Melasma is a common skin condition that creates patches of gray-brown skin discoloration. Areas of discoloration usually appear on your face but can also occur in other areas of your body that sunlight regularly hits, such as your arms.
Melasma affects women far more commonly than men; only around 10% of cases occur amongst males. The condition is also more notable in pregnant women; researchers believe that the hormonal changes that occur during pregnancy can trigger melasma.
Melasma is harmless, doesn’t develop into skin cancer, and is painless. Many people with melasma seek treatment due to displeasure with the appearance of their skin and to improve their self-esteem.
Your dermatologist evaluates your skin and determines the best treatment approach. If your melasma correlates with pregnancy or the use of certain birth control medications, you can try a different birth control method or wait to see if your skin returns to normal after giving birth.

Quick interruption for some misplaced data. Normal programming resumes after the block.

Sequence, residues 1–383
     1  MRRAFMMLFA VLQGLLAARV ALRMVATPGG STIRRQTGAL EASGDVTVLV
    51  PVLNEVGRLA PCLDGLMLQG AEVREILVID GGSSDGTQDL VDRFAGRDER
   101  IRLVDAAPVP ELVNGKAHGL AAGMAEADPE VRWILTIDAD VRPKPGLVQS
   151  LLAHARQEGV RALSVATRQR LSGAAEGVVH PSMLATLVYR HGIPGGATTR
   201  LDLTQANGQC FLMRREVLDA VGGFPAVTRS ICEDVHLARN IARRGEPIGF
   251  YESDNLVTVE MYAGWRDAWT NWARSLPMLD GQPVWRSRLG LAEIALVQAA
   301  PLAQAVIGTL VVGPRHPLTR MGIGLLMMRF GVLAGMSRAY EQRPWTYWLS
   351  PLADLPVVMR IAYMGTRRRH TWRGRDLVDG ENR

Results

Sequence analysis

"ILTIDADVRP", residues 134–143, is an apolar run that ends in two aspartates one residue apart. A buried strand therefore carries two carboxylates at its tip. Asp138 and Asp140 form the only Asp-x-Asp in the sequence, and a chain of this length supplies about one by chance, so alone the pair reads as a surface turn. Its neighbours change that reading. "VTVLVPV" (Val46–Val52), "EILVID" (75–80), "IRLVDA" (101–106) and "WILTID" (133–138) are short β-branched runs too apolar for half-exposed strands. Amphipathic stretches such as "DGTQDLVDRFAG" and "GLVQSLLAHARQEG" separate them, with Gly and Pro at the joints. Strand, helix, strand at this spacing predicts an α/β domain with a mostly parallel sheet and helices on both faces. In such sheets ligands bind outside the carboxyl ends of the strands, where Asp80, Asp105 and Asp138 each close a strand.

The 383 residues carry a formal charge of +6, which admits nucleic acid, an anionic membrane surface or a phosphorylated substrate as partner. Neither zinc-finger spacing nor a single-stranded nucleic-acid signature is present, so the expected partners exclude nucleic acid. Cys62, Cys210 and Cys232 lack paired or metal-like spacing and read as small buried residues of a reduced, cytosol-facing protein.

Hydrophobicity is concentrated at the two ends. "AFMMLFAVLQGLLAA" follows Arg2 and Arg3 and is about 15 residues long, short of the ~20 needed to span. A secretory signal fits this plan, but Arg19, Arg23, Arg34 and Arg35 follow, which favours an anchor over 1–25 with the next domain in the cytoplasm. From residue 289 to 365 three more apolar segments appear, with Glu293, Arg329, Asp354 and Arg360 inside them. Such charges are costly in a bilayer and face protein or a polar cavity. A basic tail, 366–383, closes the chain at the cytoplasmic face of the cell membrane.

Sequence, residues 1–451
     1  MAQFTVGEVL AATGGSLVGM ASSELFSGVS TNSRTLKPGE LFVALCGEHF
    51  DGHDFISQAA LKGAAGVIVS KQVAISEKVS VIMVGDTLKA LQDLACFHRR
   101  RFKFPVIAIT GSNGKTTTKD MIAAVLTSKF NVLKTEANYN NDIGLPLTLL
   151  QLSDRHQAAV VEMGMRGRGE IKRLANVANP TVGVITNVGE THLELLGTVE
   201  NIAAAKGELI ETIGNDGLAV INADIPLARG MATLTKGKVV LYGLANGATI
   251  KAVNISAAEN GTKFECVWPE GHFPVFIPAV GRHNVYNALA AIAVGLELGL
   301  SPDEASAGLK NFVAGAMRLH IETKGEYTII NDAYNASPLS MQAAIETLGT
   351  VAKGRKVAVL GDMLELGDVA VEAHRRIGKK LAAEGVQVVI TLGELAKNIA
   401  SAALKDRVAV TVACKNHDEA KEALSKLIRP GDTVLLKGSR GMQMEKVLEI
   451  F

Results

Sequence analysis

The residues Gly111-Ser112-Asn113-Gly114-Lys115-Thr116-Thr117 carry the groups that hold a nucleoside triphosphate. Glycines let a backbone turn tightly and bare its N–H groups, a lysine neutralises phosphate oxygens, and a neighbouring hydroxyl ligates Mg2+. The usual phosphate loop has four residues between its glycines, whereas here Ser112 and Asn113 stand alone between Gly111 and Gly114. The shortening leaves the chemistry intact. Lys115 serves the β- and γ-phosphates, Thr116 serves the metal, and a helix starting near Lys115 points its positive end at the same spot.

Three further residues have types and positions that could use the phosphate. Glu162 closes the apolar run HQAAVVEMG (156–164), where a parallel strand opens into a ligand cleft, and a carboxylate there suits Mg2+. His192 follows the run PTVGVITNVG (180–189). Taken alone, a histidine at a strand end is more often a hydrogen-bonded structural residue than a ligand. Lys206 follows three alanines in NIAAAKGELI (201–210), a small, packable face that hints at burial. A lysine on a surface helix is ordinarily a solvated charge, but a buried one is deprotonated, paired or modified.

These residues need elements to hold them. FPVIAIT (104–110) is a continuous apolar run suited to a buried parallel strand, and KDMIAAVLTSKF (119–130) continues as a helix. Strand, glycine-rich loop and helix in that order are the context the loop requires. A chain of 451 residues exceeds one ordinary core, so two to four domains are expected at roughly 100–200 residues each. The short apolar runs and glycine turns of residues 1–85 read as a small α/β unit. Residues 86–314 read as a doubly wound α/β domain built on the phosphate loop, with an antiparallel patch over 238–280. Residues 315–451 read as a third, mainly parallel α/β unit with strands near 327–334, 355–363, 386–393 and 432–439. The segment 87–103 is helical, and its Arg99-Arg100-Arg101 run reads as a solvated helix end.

Dermatological treatments for melasma include:
The best line of defense against recurring melasma is aggressive sun protection. Take steps to minimize your exposure to the sun and wear a quality broad-spectrum sunscreen with a high SPF every day.
Depending on the severity of your melasma, you may need to continue maintenance therapy by using topical prescription medications on a less frequent basis than called for in your initial treatment plan. Your doctor advises you on how to help prevent melasma from returning.
Adhering to your customized maintenance plan is the most crucial step that you can take to keep your skin clear and prevent future discoloration. If you experience changes in the appearance or texture of your skin after your initial treatment is complete, schedule a follow-up appointment to determine the cause.
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